WARSAW (Feb. 25)
The Central Committee of Polish Jews and the Central Council of Jewish Communities in Poland have submitted memorandums to the Polish Government asking the restoration of Jewish communal property, it was revealed here today.
The memorandum of the Central Committee asks that buildings which belonged to Jewish institutions in various parts of Poland before the war be placed under its supervision. The Central. Council demands that synagogue guildings which remained intact come under its control, and points out that synagogue buildings in many Polish towns are still being used by the local non-Jewish population for clubs and recreation centers.
The question of transferring the property of extinct Jewish communities to the two bodies is complicated by the fact that they are not yet officially recognized by the Polish Government as the representative institutions entitled to inherit the property of pre-war Jewish communities. Jewish leaders here are hoping that the new Polish cabinet and the newly-elected parliament will finally resolve this problem.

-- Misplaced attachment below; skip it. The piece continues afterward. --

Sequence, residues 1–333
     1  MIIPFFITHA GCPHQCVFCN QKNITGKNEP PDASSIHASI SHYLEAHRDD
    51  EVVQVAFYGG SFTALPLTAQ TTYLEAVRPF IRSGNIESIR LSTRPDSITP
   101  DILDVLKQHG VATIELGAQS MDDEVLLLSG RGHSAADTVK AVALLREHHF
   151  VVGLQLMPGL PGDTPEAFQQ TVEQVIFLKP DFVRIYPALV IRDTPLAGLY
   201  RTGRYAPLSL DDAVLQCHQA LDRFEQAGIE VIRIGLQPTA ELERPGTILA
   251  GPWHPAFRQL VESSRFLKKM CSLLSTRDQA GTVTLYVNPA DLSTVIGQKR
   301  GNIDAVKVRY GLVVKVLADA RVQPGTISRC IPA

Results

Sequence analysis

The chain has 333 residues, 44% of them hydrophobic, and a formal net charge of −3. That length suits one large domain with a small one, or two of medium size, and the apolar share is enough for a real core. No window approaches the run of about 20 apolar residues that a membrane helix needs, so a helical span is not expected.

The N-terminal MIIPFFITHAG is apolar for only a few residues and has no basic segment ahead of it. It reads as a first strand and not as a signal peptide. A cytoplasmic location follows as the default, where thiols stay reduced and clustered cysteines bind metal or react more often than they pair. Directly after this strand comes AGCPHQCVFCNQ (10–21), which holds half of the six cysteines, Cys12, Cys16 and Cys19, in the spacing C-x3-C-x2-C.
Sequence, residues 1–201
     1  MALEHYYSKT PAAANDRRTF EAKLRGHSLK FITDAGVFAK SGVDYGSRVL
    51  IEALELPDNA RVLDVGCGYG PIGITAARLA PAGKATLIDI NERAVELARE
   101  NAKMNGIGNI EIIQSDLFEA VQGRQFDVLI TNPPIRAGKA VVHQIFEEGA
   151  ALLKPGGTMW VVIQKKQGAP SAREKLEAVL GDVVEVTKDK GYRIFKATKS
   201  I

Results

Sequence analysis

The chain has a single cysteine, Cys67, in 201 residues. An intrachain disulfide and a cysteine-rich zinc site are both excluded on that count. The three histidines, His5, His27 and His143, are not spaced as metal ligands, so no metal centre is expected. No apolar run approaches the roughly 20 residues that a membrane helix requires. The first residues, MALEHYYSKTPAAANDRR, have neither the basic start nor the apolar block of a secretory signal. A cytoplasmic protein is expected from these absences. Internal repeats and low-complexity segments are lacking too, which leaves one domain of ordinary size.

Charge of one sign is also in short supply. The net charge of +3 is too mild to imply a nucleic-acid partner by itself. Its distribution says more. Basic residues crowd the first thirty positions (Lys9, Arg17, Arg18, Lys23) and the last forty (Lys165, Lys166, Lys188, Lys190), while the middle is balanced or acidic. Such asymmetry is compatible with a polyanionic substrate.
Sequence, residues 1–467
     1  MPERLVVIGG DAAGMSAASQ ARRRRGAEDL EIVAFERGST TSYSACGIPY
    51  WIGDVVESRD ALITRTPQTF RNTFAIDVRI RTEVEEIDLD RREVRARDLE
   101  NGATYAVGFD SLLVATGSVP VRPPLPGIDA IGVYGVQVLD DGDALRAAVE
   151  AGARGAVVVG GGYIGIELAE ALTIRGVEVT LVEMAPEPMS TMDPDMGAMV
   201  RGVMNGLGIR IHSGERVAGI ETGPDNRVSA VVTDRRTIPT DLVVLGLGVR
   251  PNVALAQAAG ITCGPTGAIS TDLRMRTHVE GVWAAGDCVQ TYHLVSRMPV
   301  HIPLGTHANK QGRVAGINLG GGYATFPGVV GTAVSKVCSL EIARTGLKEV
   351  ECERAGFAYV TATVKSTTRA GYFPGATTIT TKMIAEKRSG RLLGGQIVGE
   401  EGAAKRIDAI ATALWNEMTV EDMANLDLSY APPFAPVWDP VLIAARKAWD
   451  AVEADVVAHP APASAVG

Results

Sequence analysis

Most of the premises of the Jewish institutions are occupied by Polish institutions and organizations. This is especially true in towns where few or no Jews survived the liquidation of the local ghettos by the Nazis. The redemption of the Jewish community buildings from Polish institutions will meet with great opposition, Jewish leaders believe.
The question of heirless Jewish property which belonged to individuals has still not been settled. At present, such property is calssified as “ownerless” and is managed by a special government office. All income from such property goes to the government.
Estimating that the Germans transferred several billion dollars worth of Jewish property from Poland to Germany, the Central Committee has established a special department for the purpose of identifying Jewish property among the transports of tools and machinery which are now being brought back from Germany. The department is also studying the question of reparations from Germany.